Continue reading What To Do When The Doctor Says “It’s All In Your Head”
Lyme disease can present with a wide range of symptoms, resulting in frequent misdiagnosis. The most common presentation includes fever, fatigue, headache, and a bull-eye rash at the location of infection, but as many as half of infected individuals never report a rash and present with other symptoms.
And, you may be surprised to hear that the most diagnosed illness on CrowdMed is Lyme disease. The issue of misdiagnosing and not even arriving at a diagnosis at all when someone has Lyme disease is clearly a problem.
EDITOR UPDATE: Several readers pointed out some outdated information referenced in the original overview. There’s nothing worse for patients than trying to fight prevailing “wisdom” in the medical community, which simply isn’t true anymore. We’ve updated this post accordingly. By the way, we’ll also soon be publishing an article by one of our patients, highlighting her personal experience and frustration with Lyme disease. Stay tuned!
Continue reading Facts About Lyme Disease: The Misunderstood Condition
When searching for a cure for an uncommon disease, doctors and medical detectives are confronted with a difficult knowledge problem. The correct answer is out there, but it’s likely known only to a handful of people, dispersed among a lot of people who haven’t a clue, or worse, have the incorrect diagnosis. How can we separate the knowledgeable from the clueless? The solution might have a lot to do with balloons.
Continue reading What Balloons Can Teach Us About Crowdsourcing Medicine
Note: this will be the first in a three-part series about addressing the new world of knowledge about genetic disorders. This first post will be about assessing the chances that we may be at risk for a genetic disease. Future posts will address what we can do with this knowledge.
We live in a relatively new era of medicine in which the genome is sequenced, and we are learning more each year about what genes do and how they might be related to disease. As physicians become more aware of the genetic links between patients and their diseases, patients can and should arm themselves with the knowledge they need to manage this new age of information.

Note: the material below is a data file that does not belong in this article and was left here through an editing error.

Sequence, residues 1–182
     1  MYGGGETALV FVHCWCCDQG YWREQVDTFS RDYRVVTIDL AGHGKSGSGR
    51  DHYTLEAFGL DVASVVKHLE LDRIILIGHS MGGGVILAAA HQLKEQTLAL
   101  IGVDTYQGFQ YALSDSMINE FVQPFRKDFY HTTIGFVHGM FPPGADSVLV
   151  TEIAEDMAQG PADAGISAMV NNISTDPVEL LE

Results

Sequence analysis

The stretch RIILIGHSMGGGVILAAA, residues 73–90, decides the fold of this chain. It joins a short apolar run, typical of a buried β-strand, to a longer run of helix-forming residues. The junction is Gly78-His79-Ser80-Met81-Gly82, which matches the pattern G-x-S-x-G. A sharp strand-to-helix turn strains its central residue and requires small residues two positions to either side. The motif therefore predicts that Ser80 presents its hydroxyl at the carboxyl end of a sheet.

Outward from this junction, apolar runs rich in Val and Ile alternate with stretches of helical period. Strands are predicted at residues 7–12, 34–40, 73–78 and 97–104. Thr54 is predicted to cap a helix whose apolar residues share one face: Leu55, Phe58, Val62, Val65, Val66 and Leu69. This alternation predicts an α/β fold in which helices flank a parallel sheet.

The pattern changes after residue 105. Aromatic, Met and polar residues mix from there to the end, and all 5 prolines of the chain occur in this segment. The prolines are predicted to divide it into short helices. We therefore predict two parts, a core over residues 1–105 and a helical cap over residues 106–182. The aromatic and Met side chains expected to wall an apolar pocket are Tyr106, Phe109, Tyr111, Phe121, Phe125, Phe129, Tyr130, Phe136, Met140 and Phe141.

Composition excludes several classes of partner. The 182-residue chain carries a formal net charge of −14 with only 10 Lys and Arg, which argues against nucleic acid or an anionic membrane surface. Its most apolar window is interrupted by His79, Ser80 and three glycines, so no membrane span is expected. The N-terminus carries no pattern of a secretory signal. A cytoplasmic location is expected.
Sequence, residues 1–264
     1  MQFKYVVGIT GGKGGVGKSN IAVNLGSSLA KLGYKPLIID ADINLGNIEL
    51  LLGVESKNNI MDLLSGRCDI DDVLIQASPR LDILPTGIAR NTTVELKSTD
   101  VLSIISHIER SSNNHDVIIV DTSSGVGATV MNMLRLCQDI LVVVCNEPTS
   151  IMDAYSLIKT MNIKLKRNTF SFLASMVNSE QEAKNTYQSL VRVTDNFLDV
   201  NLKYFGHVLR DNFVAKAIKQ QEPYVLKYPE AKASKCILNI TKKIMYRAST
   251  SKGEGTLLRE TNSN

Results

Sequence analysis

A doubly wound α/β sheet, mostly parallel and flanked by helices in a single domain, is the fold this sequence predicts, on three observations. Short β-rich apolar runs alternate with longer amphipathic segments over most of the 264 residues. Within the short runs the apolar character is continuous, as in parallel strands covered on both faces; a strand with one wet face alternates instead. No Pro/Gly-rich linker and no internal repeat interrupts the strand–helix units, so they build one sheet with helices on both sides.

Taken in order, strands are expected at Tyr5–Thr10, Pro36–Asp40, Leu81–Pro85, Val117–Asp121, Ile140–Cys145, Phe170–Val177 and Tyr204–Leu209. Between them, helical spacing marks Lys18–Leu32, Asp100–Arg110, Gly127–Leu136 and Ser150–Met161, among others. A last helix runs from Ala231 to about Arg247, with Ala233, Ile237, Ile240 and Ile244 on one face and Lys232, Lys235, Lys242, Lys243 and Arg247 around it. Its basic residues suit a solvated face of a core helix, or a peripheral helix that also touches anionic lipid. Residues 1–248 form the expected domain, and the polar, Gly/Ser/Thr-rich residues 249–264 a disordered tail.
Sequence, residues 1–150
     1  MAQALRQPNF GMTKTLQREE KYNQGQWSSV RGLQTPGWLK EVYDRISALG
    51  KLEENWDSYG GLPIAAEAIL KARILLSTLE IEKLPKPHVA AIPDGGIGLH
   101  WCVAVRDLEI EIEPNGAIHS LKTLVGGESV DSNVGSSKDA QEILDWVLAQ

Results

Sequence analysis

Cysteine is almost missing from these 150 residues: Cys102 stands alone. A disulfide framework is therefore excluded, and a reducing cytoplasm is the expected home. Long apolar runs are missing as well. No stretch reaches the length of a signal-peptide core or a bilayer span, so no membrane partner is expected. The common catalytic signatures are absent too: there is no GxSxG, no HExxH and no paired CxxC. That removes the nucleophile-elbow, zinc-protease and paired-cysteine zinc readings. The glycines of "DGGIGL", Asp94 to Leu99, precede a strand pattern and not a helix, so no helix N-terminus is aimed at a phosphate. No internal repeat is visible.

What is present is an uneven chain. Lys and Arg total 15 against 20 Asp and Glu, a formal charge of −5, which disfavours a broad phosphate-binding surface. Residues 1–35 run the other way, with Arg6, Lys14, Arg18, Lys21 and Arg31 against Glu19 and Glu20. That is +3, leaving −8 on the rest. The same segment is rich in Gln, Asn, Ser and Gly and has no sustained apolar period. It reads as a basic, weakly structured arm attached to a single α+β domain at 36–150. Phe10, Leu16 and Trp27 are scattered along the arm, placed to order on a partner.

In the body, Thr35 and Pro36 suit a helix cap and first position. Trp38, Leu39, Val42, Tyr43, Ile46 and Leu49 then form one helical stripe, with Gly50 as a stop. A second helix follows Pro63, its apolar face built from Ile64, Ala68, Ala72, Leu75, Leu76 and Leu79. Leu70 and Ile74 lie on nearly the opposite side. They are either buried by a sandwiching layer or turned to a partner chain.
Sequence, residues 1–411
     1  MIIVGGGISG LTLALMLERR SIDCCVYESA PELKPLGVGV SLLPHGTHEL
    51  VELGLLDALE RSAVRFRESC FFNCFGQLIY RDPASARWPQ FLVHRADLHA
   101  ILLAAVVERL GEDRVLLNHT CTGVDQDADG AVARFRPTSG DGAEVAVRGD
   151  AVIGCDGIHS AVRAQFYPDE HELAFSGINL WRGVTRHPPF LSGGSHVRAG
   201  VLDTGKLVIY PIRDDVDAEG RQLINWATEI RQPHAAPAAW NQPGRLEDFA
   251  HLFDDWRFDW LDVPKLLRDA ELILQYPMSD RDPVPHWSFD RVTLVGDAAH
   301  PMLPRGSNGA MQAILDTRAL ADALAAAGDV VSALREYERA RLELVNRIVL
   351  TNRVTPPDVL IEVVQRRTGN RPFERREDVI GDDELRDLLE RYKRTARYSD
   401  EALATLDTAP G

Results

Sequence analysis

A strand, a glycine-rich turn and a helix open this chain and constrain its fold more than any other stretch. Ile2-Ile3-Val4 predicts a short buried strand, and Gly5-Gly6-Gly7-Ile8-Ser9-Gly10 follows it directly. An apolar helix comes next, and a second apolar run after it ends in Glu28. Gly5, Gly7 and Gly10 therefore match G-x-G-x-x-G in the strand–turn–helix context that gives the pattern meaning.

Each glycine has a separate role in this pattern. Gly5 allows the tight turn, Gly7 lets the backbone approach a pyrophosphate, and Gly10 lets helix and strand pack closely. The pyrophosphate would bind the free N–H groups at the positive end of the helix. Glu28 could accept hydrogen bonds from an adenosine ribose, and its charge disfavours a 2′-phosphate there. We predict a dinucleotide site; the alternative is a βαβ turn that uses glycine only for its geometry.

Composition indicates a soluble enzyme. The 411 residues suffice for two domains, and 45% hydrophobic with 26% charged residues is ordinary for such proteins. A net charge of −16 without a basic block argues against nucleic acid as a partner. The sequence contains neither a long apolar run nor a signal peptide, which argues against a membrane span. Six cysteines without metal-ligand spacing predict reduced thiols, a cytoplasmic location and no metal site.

I’d like to discuss a few hallmark features that might be present in your family history which could indicate a genetic disorder in your family. As with approaching the rest of your healthcare needs, knowledge is power!
Continue reading Are You At Risk For A Genetic Disorder?
As the measles virus makes its way back from the brink of extinction, the public sphere has been flooded by heated arguments for both sides of the vaccination debate. For what seems to be the majority of Americans, this is a battle between science and irrationality. Yet amid the media hype and angry rhetoric an interesting theme has emerged in the outbreak’s narrative. In defending themselves through interviews, discussion forums, and even the mouthpiece of political candidates, many parents claimed that trust was at the heart of their decision not to vaccinate. How could they trust that the government, the CDC, or even their family doctor know what is best for their child?
Continue reading The Vaccination Debate Isn’t About Science: It’s About Trust
I have always been skeptical of the gluten-free craze. I understand the importance of eliminating gluten products in patients with true gluten allergies, but in the past handful of years, the gluten-free diet has gained a cult-like following. Once known simply as the treatment for patients with Celiac disease, gluten-free diets are now being touted as the solution to every ailment known to mankind, ranging from brain fog to obesity. Will this diet maintain a following for the long haul, or will it fade into relative obscurity, joining the leagues of the Atkins or South Beach diets? Only time can tell, but meanwhile, let’s take this opportunity to sort out the myths from reality.
Continue reading Are Gluten-Free Diets Good For Us?